The Inlay Course

The Inlay course at Custom Pearl Inlay started easily enough. Dave Nichols is the guy that runs it. First you have to understand that Dave is really good, he’s been in the business of  lutherie and pearl inlay since Adam was a cowboy, he knows an awful lot of people, and he’s pretty down to earth. He only asks that you listen to him,  (like really listen), and that you try your best.

Or don’t.

He already knows how to cut pearl, you don’t.

First I started cutting up simple, and small pieces, with relatively few sharp corners. Getting the right angle of view so that you’re focusing on where the blade is going rather than where it’s been is one of the first things you learn. Shortly thereafter you notice that there’s a pain in the small of your back and that you probably should breathe a little more often, and maybe more easily too. So Dave admonishes you to sit straighter, hold youself “so” and relax – this is fun. Apparently one guy tried the course for a day,  (it’s a week long course) and said NO,  (with several explicatives) and converted over to starting the guitar building course.

It’s not for everybody.

Eventually, I got to the stage that I had some pearl cut, a fretboard routed out to accept the pieces of pearl, and the relatively simple patternn was ready to be glued.

Gobs of glue

The next step was to sand off the glue with various grades of sandpaper, polish it, and (small leap here) build a guitar around it .

Here’s the cleaned up version. Not bad for a beginner…

I think it’s that distinctiveness that draws me to doing inlaying – it makes things unique and gives whatever you’ve made a flair that immediately catches the eye of the beholder. Hence the term “Making It Personal”.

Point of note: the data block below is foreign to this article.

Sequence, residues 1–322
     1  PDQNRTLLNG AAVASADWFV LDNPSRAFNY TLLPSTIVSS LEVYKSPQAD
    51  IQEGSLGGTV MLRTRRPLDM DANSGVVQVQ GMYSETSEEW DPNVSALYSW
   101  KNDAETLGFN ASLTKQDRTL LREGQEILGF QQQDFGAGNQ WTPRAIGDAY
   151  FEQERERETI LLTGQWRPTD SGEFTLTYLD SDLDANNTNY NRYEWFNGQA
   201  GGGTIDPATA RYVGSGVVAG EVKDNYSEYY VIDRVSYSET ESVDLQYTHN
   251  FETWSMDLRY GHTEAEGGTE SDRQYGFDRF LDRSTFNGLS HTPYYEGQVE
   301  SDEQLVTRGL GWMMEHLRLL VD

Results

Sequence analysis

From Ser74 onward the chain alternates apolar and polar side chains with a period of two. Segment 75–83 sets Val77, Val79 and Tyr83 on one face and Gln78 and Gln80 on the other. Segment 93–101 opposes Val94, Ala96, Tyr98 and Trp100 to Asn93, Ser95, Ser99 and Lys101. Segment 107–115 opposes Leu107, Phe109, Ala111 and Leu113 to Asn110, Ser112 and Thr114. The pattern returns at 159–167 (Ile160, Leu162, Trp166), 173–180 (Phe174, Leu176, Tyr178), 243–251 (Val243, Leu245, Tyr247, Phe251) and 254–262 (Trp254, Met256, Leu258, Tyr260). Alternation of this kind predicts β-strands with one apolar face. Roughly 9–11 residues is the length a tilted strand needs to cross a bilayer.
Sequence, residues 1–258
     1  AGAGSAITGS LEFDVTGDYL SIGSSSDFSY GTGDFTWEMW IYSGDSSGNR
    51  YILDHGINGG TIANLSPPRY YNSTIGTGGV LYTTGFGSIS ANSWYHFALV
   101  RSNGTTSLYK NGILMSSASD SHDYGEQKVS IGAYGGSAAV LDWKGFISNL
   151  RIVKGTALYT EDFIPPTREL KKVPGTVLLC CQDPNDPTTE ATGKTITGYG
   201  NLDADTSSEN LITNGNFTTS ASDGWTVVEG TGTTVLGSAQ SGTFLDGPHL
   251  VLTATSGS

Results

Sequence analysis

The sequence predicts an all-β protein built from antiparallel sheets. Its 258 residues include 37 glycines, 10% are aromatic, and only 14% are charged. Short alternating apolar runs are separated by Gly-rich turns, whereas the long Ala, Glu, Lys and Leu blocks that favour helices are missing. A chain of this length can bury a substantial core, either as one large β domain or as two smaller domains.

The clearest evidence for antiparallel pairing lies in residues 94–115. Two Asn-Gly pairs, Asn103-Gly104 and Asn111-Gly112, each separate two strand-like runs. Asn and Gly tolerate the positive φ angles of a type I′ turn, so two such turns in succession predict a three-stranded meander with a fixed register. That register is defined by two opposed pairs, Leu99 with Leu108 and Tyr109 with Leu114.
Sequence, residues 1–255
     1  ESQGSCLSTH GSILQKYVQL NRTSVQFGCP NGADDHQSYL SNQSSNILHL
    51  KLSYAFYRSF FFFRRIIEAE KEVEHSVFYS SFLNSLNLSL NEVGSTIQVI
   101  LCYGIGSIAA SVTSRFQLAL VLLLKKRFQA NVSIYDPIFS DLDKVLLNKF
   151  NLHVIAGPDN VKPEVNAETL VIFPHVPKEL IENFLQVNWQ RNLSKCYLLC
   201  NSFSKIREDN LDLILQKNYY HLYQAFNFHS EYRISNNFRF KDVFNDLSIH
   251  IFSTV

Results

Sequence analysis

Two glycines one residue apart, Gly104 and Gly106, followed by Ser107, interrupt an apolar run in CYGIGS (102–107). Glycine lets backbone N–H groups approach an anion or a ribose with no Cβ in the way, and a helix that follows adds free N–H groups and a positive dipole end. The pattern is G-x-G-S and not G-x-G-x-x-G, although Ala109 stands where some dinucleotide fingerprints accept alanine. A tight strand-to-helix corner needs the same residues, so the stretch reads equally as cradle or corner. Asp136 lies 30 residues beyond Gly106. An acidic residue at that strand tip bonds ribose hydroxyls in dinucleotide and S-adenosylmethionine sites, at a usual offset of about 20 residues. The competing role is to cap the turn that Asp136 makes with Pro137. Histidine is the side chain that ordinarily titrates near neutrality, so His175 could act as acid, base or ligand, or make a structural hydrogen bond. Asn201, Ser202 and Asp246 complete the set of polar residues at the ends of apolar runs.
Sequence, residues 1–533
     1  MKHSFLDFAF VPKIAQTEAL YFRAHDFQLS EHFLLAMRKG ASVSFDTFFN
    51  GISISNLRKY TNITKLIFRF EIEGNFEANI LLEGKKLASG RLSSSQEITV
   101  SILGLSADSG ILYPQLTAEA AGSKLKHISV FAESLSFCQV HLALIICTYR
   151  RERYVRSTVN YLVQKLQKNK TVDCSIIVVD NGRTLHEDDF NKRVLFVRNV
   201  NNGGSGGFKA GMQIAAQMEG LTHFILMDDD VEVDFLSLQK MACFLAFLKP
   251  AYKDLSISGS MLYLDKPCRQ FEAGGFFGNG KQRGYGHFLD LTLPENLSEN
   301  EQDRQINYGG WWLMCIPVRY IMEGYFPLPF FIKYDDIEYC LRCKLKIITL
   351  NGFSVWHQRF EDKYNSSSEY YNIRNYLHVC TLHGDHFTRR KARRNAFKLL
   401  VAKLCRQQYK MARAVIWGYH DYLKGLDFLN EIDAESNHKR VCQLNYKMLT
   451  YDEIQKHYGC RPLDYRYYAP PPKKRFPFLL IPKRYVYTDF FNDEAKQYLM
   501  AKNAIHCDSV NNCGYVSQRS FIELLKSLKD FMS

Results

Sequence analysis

As I was nearing the end of the inlaying course I discovered a pattern for a hummingbird and fell in love with it. I just had to try it, even if I figured that it was way above my skill level. Dave helped a lot, with his advice and soothing words, especially when one of the wing feathers broke. It’s incredibly easy to bust a thin fether that’s attached at only one end. Dave also took pity on me and did the routing on the headstock – there was no way at my skill level at that time that I could have done an acceptable job of the routing.   

The hummingbird is a classic


The GWND stands for the band of which I’m a member – The Grateful We’re Not Dead – we’re a country comedy group that plays for charities. You’re welcome to click on the link to it from this site.

Getting Hooked

In April of 2007 I retired from the Canadian Civil Service. Specifically I worked for the Public Works Government Services Canada department, in the Informatics field. I loved my job, and really enjoyed the people with whom I worked, but it was time to retire and I could feel it. The commute into Ottawa was getting longer each day and there were other things I wanted to do, so retire I did. I won’t say I’ve never looked back, because I have, but in general I’m glad to be retired and doing other things.

Can you see me on the ship ?

One of the first things my wife and I did upon retirement was to go on a short cruise out of LosAngeles. As a retirement gift, I was given a Martin “travel” guitar which I brought along on the cruise and subsequent vist to some of our relatives. While standing in line getting ready to board the ship, a total stranger came up to me and starting chatting about travel guitars. it was great fun; I had never realised that there were so many makes and models of travel guitars. The seeds that had been planted in my brain in my teens were starting to stir.

Merlin Humours Me

After the cruise, life returned to more mundane things and what could be more day-to-day than getting a haircut. Sitting in the barber’s chair I mentioned to my barber, Don O’Neil, that I’d like to build my own guitar. Now Don has been a professional musician, as well as a barber, since he was born. I suspect that he came out of the womb playing jazz chords to a country melody. “You should check out Dave Nichols in Malone New York” he said. “He teaches guitar making and he’s one heck of an inlaying artist. Google” So I did, and signed up for the Inlay course as well as the Guitar Building course.

New Home of Inlay Innovations


Welcome to the new Inlay Innovations website. Over the coming months (and maybe years) I’ll be expounding on the techniques, delight, and beauty of  inlay work using mother of pearl, abalone,  and other types of inlay materials.

What-Not Box

I hope you feel inclined to return frequently to the site to enjoy the art of inlay and to learn about the people involved in the field and their works of art.

Inlay Innovations Mission Statement

  • To promote the art of inlay
  • To promote inlay artists
  • To make contacts in the lutherie field
  • To make my inlaying services known to viewers
  • To show a variety of possible inlay creations